Data science

Why Alternative Data is a Slam Dunk for Professional Sports Teams

Omri Orgad, Managing Director for North America at Bright Data, explains how ‘big money’ sports teams are leading the way in web data collection and analysis.
For years now, “big money” sports teams have analyzed all aspects of players’ in-game performance, generating extensive datasets to inform recruitment and transfer decisions. However, given that teams worldwide are now managing historically high levels of debt – in part due to unexpected expenses and revenue drops caused by the pandemic – many are now turning to web-based alternative data to sharpen the speed and accuracy of their commercial decision-making.

 

So, what is alternative data?
A near-endless supply of alternative data (also known as alt-data) is publicly available on the world’s largest database – the open internet. Sports teams can collect it in bulk from all corners of the web, using automated web data collection platforms and tools. How they then apply it is limited only by the creativity of the teams’ data scientists.

Alt-data encompasses public information gathered from social media, forums, media reports, local city and state economic databases, and more. When analyzed, it can provide teams with an understanding of fan sentiment, the potential impact of signing new players, and even competing teams’ strategies. The most important thing to remember is that, unlike traditional sources, this web-based alt-data generates insights in near real-time.

 

How can alt-data inform teams’ decision-making?
Teams in “big money” sports leagues – like the NBA, NFL, Premier League, and Bundesliga– increasingly benefit from the star power of players to boost global viewership. The reality is that top teams no longer rely on selling tickets to diehard fans to stay afloat. Deloitte’s 2021 Football Money League Report demonstrates this, finding that the world’s top 20 highest-revenue-generating soccer clubs depend on matchday returns for anywhere between just 6% to 22% of their total revenue. Instead, teams across all sports – soccer, basketball, football, etc. – are increasingly reliant on advertising dollars, endorsements, and merchandise sales.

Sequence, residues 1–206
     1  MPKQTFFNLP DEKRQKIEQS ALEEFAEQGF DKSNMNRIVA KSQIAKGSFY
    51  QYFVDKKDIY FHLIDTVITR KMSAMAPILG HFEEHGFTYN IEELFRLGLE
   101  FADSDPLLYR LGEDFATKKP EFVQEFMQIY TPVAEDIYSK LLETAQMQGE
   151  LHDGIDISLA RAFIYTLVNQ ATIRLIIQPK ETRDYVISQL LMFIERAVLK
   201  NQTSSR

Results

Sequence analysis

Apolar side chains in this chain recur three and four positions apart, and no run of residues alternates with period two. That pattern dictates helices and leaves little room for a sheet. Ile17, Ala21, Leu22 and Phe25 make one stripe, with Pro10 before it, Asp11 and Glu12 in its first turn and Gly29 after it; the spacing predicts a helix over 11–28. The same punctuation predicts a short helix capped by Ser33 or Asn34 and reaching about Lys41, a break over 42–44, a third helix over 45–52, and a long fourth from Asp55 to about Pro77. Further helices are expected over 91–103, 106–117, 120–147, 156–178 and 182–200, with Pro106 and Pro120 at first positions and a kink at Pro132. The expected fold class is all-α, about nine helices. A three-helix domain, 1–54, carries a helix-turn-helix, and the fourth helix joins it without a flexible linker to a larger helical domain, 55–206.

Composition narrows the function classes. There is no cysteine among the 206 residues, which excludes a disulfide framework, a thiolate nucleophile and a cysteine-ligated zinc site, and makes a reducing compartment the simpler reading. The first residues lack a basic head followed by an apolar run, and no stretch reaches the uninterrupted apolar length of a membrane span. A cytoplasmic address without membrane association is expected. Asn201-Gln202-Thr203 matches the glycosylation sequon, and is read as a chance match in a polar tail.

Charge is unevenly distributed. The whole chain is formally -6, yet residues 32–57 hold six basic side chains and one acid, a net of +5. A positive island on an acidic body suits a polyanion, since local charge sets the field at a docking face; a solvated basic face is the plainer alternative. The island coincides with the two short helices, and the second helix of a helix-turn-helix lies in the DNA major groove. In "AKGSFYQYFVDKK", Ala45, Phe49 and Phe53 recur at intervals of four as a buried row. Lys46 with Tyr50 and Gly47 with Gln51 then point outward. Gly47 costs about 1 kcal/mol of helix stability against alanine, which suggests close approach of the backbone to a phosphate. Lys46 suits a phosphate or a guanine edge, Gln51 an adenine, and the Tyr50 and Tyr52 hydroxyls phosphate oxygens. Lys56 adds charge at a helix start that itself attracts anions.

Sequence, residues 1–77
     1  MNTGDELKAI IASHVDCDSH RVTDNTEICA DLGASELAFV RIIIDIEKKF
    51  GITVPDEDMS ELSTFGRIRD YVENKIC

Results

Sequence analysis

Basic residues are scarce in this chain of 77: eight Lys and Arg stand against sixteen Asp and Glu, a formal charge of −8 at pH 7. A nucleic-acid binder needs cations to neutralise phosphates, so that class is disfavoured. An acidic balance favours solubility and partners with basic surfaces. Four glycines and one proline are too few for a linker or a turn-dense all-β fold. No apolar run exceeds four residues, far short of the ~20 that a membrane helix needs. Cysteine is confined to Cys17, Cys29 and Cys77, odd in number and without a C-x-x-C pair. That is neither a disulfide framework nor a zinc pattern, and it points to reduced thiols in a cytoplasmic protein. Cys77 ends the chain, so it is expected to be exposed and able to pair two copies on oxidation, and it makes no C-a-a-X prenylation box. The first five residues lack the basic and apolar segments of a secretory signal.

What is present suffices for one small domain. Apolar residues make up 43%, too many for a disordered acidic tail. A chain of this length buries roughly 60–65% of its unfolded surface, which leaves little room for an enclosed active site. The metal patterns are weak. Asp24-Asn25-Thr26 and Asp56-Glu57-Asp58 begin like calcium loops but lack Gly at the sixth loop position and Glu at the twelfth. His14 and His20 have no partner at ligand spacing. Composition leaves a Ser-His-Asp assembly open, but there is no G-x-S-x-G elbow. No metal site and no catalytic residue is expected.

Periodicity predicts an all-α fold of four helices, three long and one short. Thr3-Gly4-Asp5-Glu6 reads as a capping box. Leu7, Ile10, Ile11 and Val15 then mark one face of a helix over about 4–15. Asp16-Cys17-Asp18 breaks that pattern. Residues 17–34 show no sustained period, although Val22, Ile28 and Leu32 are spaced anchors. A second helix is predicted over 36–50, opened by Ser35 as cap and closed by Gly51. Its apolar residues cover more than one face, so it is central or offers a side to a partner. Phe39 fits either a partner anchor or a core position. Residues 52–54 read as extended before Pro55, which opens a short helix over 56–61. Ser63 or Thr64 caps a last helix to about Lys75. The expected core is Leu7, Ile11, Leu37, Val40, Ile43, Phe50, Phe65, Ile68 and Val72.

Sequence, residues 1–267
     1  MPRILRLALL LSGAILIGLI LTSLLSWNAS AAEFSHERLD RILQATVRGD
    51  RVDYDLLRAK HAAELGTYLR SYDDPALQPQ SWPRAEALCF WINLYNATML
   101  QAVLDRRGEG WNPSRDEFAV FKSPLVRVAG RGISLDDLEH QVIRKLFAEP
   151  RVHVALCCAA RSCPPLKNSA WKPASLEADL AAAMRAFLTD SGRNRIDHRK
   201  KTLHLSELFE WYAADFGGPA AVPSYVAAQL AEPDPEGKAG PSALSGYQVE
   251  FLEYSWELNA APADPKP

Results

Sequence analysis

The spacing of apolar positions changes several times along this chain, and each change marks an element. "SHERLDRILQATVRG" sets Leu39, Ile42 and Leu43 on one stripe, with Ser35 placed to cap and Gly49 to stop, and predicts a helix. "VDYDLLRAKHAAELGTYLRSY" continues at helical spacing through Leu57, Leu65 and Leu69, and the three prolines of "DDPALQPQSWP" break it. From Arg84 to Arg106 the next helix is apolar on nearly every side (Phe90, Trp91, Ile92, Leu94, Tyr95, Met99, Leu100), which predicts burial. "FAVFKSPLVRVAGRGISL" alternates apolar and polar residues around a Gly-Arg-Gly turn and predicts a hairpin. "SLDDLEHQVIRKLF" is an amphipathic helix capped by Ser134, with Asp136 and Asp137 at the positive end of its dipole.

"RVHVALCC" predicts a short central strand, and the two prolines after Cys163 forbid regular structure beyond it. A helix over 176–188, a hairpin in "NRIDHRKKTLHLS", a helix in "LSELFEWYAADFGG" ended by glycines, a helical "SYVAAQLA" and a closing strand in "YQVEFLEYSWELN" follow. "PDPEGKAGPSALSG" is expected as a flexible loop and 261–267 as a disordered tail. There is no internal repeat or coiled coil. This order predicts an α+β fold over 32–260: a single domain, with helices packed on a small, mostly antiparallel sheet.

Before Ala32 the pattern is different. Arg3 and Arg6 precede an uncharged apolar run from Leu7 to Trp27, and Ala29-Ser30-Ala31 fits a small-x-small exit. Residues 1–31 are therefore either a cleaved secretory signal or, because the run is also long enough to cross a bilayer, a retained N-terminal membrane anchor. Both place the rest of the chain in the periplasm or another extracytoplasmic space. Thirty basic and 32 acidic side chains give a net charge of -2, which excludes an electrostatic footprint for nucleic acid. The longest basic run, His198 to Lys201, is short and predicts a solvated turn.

And there’s no better way of generating global buzz – and revenue – than big-name signings. Consider the recent return of global soccer icon Ronaldo to Manchester United, whose signing smashed the club’s shirt sale record in under four hours. Ronaldo’s ability to generate revenue is a major asset for the team, and public online alt-data can go a long way towards helping predict how much value he will bring.

In the NFL, Tom Brady’s 2020 move to the Tampa Bay Buccaneers had a similar effect. His debut performance drew the most viewers for a Week 1 NFL game in four years and was one of the year’s most-watched television broadcasts.

The eye-watering fees paid to players in some leagues – Brady will earn $50 million in his first two years with the Buccaneers – often lead to disbelief from fans. However, the reality is that teams use hundreds of predictive datasets, some of which are gathered from publicly available alt-data, to carefully analyze the value of each deal. From ticket pricing to merchandise sales, and even the price of concession stand hotdogs, signing a big name can easily be offset by price increases across the board. Whether fans think a player brings in-game value is another matter!

 

The LeBron James Effect
Decisions taken by major sports teams often have a ripple effect on their local area. Economic growth, property prices and the regional job market can all be impacted. A fascinating Harvard Kennedy School study found that during Lebron James’ stints with the Cleveland Cavaliers and Miami Heat, total employment in the areas rose by around 23.5%, and the number of bars in the arenas’ direct vicinities rose by 13%.

In this regard, business leaders and investors – restauranteurs and property developers, for example – can also use alt-data to identify sports trends, in turn informing their investment decisions in a particular geography. The potential for this is huge, and in many cases is still going untapped.

Looking forward, we can expect to see the use of alt-data in professional sports continuing to expand. Teams are fast realizing that – to stay relevant and therefore profitable – they must embrace new and creative public web data sources. Those that don’t, and continue to stick to past practices, will soon find that their calculations don’t add up.

 

Author
Omri Orgad, Managing Director for North America at Bright Data

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